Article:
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'Whale Wars' Spin-Off In The Works

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WHALE WARS
AP

After patrolling the waters of the Southern Ocean for whaling boats, Paul Watson and other regulars of the hit Animal Planet reality TV show "Whale Wars" will be moving their efforts to the Danish Protectorate of the Faroe Islands, where they will be combatting the annual pilot whale hunts, according to an Animal Planet press release.

Whaling in the region has been in practice for more than one thousand years and is now regulated by island authorities, the press release reports, going on to state that each year men corral hundreds of long-finned pilot whales into shallow coves and kill them.

In a previous interview with The Huffington Post, Watson maintained that he thinks all marine wildlife, not just whales, should be protected:

"The importance of fish maintaining the ecological integrity of our oceanic ecosystems -- it is far more important there than being on anybody's plate." Citing a report based on U.N. data which found that global fisheries could collapse by 2048, Watson said, "If we wipe out the fish, the oceans are going to die. If the oceans die, we die. We can't live on this planet with a dead ocean. So it's really a question of self-preservation."

The question will be if the aggressive tactics that fill the episodes of "Whale Wars," and received heavy criticism from Greenpeace, will be as visible in the new series.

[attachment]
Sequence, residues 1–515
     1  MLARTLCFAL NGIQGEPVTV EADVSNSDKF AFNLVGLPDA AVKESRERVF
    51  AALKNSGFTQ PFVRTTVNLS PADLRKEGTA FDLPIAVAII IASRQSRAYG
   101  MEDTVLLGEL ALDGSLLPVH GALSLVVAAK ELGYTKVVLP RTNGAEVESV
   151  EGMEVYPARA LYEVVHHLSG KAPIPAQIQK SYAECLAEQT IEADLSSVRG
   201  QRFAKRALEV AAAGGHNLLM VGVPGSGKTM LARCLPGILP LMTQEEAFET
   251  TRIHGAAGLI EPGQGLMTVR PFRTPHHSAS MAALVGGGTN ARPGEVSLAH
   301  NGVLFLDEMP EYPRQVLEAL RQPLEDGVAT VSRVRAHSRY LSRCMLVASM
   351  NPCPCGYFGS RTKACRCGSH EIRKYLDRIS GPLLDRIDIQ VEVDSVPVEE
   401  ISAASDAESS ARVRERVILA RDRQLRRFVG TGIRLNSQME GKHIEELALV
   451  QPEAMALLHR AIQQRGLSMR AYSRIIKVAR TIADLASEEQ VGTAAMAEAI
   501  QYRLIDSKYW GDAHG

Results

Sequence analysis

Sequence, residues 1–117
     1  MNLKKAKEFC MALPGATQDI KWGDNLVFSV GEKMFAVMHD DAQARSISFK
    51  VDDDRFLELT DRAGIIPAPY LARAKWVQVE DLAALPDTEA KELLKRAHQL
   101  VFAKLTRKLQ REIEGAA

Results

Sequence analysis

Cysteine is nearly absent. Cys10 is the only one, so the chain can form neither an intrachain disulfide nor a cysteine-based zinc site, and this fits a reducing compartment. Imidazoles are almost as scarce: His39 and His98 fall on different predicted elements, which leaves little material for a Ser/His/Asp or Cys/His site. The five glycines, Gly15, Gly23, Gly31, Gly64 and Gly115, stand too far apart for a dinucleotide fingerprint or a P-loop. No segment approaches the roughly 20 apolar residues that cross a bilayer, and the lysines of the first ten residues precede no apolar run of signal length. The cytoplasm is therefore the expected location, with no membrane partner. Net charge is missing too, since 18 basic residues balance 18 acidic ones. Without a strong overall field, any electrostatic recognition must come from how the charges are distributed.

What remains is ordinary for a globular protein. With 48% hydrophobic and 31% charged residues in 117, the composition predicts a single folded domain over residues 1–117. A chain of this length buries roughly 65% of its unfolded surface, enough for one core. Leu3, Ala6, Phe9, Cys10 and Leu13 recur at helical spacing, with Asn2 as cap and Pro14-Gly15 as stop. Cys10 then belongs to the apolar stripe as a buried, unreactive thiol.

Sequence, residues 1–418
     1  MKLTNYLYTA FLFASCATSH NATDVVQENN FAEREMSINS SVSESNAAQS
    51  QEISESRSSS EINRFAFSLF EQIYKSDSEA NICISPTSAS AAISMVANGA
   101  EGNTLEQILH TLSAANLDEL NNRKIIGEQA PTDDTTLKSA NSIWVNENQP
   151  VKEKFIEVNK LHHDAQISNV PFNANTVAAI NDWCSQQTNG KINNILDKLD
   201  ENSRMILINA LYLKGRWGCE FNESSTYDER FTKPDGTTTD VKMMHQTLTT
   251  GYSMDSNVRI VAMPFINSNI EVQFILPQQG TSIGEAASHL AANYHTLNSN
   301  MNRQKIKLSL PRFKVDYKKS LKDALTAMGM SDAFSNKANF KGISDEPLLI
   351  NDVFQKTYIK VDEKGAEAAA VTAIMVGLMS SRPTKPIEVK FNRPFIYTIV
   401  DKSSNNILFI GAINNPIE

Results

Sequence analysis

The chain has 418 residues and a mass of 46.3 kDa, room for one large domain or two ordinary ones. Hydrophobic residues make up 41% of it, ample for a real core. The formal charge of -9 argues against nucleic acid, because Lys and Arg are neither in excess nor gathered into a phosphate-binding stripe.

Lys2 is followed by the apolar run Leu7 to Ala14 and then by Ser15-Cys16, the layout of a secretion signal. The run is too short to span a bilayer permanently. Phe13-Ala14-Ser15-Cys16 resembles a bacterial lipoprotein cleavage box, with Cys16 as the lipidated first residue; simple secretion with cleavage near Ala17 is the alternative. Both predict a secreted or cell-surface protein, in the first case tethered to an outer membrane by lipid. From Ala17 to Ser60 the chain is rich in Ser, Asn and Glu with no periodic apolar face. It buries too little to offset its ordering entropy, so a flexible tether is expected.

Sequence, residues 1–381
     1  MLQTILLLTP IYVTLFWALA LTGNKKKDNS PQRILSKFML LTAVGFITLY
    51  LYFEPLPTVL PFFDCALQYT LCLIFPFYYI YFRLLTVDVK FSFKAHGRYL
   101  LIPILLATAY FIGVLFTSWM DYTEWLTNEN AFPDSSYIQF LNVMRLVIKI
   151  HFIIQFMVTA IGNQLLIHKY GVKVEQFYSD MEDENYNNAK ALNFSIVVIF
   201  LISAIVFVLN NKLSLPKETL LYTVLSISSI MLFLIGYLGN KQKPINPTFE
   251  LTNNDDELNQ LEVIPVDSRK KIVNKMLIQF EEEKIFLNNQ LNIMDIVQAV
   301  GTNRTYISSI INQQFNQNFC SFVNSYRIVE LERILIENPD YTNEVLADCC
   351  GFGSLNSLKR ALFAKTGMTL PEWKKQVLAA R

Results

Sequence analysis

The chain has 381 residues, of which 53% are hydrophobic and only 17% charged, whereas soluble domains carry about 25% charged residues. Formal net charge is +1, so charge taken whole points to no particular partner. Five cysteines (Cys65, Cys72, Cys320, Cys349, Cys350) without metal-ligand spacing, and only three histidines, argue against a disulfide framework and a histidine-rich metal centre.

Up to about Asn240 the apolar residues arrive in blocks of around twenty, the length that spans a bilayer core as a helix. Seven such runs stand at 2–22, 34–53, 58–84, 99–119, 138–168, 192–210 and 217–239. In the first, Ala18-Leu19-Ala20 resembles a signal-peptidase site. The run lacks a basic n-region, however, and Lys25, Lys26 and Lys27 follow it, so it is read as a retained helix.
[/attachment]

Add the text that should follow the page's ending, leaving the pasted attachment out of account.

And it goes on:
Greenpeace said the following on their website about the crew's previous tactics:

"We believe that throwing butryic [sic] acid at the whalers, dropping cables to foul their props, and threatening to ram them in the freezing waters of the Antarctic constitutes violence because of the potential consequences."

According to a Variety article, Animal Planet executives seem optimistic, stating:

"They are once again preparing to put their lives on the line, this time in a lush and unfamiliar corner of northern Europe, where the customs are different and the killing of whales continues. And we plan to be there to document every moment."

This announcement comes on the heel of the Obama administration's announcement a few days ago of possible sanctions against Iceland for violating international animal conservation rules through their whaling practices. The President has 60 days to determine a course of action.

WATCH this YouTube video featured by The Washington Post of whaling in the Faroe Islands:

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